Biden under pressure to respond to Russian hackers' claims of responsibility for ransomware attack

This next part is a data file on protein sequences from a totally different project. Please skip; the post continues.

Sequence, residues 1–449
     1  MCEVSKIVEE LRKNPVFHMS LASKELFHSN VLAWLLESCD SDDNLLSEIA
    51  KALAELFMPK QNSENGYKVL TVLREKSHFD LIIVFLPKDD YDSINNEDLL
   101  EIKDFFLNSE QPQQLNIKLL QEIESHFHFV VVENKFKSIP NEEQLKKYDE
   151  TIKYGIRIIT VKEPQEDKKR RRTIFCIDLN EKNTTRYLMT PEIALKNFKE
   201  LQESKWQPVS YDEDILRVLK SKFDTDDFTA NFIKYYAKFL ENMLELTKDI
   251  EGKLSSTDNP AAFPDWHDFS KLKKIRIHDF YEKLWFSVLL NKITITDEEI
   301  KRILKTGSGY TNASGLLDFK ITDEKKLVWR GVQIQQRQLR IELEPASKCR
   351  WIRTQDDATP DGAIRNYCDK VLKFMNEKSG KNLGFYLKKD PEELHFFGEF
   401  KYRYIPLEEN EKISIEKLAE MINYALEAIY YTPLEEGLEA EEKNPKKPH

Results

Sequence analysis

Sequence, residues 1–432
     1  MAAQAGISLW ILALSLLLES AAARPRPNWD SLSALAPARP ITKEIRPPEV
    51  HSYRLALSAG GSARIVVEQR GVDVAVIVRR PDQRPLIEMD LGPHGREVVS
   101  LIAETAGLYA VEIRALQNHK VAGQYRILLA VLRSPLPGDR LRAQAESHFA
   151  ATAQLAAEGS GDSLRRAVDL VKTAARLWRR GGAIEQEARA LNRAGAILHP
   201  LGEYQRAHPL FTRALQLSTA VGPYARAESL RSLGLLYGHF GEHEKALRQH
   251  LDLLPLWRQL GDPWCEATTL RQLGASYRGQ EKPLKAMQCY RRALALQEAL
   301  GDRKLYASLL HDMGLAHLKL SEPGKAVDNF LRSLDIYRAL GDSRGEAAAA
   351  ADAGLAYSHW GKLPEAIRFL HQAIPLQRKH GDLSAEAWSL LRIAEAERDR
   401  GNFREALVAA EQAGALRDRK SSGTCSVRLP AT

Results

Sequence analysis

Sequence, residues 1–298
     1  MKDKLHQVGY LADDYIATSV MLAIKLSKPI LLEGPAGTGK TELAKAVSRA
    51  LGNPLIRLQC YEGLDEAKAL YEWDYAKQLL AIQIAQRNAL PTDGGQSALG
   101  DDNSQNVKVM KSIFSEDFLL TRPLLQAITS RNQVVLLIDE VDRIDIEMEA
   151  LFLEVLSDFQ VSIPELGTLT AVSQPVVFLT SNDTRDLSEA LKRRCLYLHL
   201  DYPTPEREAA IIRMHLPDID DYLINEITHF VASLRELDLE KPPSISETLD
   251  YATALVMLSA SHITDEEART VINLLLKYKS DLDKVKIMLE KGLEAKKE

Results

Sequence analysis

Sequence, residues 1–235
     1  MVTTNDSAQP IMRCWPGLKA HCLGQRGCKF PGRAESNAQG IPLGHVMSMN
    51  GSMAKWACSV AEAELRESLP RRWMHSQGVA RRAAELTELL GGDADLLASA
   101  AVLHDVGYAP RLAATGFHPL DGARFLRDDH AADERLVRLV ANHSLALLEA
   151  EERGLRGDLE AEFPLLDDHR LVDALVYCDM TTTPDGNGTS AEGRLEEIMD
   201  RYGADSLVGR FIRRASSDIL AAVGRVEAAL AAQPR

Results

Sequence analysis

WASHINGTON - Three weeks after warning Vladimir Putin to stop criminal hackers from striking the U.S. inside Russia, President Joe Biden has been under pressure to address the claim of responsibility made by a Russia-based hacking organization for what is being called "the largest ransomware attack" in history. Officials at the White House had stated that they didn't believe Biden's demand for Putin's immediate effect and would allow it six months to assess if cyberattacks from Russia have tapered. A massive ransomware attack from within Russia on Friday has changed that calculus. Experts believe the attack was carried out in part by REvil, an unknown group of Russian-speaking hackers who are believed to be operating inside America. It targeted hundreds of American companies, as well as more than a thousand people across 30 countries. REvil demanded $70million to unlock data from the companies. This was after an attack that experts claim was especially devious. It spread malware by co-opting software of trusted information technology businesses in a way previously used mainly by government intelligence agencies. Biden claimed that his intelligence agencies weren't certain that the attack was from Russia over the weekend. He said that if this is true, he would tell Putin that he would respond. Biden stated that he would be able to tell more on Sunday, but there was no announcement Sunday or Monday. The White House and Director of National Intelligence didn't respond to NBC on Tuesday regarding questions about who was responsible for what Biden might have done. "What President Biden can do and I expect he will do is demand that Russia fulfill its obligations and stop its territory being used for criminal acts," stated Sen. Mark Warner (D.-Va.), the chairman of Senate Intelligence Committee in a statement to NBC News. Putin could arrest and bring these criminals to trial in Russia if he wants Russia to become a productive member the international community. Continue the story Warner noted that a Russian-signed international agreement prohibits cybercriminals from using their territory. Dmitri Alperovitch (chair of Silverado Policy Accelerator), a cybersecurity expert, said that this is the moment when President Biden should pick up the phone to call Vladimir Putin. He stated that it was clear that Biden's warning of Putin's impending doom to him "hasn't yet had an impact." We don't know why, but it could be that the message wasn't received and President Putin chose to ignore it. Maybe he didn't think this should be a top-priority issue. Perhaps he believed that this could be dealt with over time and through negotiations. We don't have the time. We must act now. We must act now. We must demand that the hackers be arrested and that the key is turned over to businesses who need it to decrypt the data. Officials at the White House have previously downplayed concerns about the warning. Jake Sullivan, National Security Adviser, stated June 18 that the measure was not based on a verbal promise from Vladimir Putin that Russian hackers would cease hacking. "We decided to determine whether attacks on our critical infrastructure from Russia will decline over the next six to twelve months." According to translated translations, the latest cyberattack occurred in conjunction with a new Kremlin national security strategy that was published on Saturday. It strikes a confrontational tone about the U.S.A and the West. According to Deutsche Welle, the 44-page document states that increasing pressure from Western countries is a threat to Russian society. The new strategy states that "Westernization" of culture increases the risk that the Russian Federation will lose cultural sovereignty." This document states that Russian traditional spiritual-moral and cultural historical values are being actively attacked by the U.S., and that Russia considers it legal to take both symmetrical or asymmetric measures to stop "unfriendly actions" from foreign countries. Experts say that asymmetrical actions have included tolerating cybercrime against the West from within Russia. Alperovitch stated that "Historically, these criminals have operated in Russia with impunity by and large, so long as they don’t target Russian business." "Russian law enforcement agencies have either ignored them or, worse, they recruited them to work in their intelligence apparatus for continued attacks on the west. They are receiving protection at the very minimum. This must stop.

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